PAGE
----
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CONTRIBUTION · 8th January 2012
Mark
Enbridge’s offer to let First Nations buy 10 per cent of their 5.5 billon dollar proposed Northern Gateway Pipeline sounds unrealistic at best.

Why would the 130 First Nations that have unwaveringly opposed the pipeline, want anything to do with a business that they believe is potentially harmful, environmentally dangerous to their sacred ecosystem and an infringement of their aboriginal rights and title?

If the Northern Gateway pipeline ruptures, like the one at Enbridge’s pipeline in Michigan, (spilling over 20,000 galleons) the First Nations that bought into the pipeline would take on full liability along side with Enbridge.

Pipeline ownership, is an environmental burden that First Nations can not afford.

First Nations leasing the land to Enbridge with a 250 million dollar environmental contingent fund that is controlled by northern citizens sounds more reasonable.

Moreover; tough laws and expensive penalties, such as dismantling the pipeline if a spill occurs, need to be in place.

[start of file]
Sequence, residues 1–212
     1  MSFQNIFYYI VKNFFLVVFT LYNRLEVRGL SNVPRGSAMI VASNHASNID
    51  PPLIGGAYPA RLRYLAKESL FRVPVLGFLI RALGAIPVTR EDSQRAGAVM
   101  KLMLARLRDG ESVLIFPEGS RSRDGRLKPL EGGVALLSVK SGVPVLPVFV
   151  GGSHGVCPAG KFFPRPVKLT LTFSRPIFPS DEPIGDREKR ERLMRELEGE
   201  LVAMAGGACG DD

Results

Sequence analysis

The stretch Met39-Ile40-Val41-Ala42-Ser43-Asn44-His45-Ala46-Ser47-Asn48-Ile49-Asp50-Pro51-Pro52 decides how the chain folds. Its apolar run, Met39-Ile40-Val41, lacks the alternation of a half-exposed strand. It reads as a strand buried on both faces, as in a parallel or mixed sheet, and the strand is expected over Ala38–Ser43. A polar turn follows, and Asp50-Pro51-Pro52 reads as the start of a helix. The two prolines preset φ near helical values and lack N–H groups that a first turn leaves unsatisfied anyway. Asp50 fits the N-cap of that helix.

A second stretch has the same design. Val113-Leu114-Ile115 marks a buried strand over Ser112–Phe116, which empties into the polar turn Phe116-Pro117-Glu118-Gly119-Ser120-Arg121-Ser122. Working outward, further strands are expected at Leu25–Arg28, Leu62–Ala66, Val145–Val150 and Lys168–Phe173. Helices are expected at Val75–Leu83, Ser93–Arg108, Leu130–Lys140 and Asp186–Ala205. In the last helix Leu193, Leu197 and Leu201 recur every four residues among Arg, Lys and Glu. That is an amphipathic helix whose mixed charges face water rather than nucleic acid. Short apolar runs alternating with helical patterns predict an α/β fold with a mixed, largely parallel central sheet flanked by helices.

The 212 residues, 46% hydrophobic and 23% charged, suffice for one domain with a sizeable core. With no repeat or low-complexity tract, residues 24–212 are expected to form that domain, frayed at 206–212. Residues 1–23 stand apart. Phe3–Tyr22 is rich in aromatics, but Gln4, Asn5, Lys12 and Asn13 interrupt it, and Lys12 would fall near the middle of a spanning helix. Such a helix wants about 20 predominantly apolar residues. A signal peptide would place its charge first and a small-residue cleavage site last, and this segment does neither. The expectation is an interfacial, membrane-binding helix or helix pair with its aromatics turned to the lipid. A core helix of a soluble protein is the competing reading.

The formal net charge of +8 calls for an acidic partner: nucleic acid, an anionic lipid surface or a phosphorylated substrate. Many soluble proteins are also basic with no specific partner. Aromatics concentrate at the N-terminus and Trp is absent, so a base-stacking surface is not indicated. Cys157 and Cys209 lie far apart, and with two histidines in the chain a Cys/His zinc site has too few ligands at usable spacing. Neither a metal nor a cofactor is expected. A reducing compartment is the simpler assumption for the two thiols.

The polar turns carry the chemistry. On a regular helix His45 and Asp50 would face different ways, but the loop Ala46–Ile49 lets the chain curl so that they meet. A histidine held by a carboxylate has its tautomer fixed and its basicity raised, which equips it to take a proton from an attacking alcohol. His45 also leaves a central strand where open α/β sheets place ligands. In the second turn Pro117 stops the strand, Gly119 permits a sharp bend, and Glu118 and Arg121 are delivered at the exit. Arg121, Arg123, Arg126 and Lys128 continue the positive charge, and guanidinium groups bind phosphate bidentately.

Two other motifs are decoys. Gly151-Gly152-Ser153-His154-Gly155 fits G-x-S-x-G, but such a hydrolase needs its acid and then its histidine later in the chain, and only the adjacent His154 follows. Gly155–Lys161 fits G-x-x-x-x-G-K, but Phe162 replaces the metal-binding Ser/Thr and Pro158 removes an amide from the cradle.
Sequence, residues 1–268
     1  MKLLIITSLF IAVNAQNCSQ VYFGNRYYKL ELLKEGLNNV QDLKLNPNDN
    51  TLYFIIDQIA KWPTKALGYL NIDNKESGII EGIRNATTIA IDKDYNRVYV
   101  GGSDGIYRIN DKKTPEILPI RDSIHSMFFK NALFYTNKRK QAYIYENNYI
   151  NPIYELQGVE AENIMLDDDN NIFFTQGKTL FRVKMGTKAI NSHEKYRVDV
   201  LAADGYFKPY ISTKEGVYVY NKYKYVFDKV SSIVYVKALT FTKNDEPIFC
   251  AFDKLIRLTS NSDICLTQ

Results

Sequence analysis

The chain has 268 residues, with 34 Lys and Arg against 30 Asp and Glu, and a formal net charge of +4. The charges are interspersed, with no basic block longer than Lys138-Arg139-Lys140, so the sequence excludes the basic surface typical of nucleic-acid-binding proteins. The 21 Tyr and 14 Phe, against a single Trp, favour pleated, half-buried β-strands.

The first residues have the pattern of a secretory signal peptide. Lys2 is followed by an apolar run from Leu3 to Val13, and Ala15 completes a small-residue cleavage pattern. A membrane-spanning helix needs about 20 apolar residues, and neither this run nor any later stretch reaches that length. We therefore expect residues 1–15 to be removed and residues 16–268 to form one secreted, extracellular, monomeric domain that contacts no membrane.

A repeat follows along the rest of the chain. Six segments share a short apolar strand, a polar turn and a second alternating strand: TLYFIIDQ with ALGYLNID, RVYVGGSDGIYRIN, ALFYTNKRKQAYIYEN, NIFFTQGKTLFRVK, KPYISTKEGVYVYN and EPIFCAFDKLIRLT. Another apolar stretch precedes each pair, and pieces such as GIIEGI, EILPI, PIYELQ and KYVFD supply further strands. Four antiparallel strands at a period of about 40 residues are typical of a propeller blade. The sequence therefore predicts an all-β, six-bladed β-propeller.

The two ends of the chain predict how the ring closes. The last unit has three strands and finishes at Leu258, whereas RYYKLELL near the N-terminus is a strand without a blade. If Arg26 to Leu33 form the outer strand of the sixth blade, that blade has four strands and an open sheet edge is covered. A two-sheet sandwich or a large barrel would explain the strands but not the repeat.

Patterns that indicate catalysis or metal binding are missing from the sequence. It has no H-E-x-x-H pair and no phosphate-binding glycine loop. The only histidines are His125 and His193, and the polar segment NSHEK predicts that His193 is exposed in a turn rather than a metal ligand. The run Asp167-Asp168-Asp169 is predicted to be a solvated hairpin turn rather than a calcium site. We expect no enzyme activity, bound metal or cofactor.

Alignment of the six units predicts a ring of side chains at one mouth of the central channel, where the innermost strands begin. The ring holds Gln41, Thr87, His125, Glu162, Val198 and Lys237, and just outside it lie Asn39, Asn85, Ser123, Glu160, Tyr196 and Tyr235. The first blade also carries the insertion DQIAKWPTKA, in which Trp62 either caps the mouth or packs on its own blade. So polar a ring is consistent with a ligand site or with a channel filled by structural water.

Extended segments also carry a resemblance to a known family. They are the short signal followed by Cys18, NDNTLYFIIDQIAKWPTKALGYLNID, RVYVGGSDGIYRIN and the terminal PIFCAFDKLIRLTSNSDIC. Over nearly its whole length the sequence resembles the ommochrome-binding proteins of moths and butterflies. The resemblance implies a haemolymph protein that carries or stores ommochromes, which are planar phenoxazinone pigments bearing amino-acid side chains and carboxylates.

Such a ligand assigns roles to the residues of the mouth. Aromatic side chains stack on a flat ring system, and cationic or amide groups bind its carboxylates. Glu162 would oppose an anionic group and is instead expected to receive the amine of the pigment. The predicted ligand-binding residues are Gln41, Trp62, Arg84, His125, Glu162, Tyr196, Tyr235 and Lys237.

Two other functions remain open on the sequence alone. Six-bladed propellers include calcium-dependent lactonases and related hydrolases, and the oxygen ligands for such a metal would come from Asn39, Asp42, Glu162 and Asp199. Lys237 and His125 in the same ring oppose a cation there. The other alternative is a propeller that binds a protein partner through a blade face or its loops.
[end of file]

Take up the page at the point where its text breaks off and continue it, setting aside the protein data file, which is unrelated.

However; given the strong opposition from native band leaders it is highly unlikely that a compromise deal will be reached.

It is surely not in Canada’s best interest to export huge volumes of raw product that is extracted from the oil-sands, to United States or Asia to produce finished goods? Certainly; China would not be shipping their raw products to be manufactured in Alberta.

The pipeline, in the long run, would produce more jobs outside of Canada than at home. The public’s rejection of the Northern Gateway Pipeline and the Keystone pipeline would perhaps force governments and companies to produce the heavy bitumen into usable products in Canada.

It is hard to imagine 200 oil tankers a year coming into Kitimat and having one pipeline that transports 525 thousand barrels a day and another one that delivers 190 thousand barrels,over one thousand miles, without any spills? This is a huge project by any standards.

It would be foolhardy for governments to rush the pipeline through without widespread consent from native and non native communities. A regional referendum is needed, and it should be held in the areas that are only impacted by the pipeline.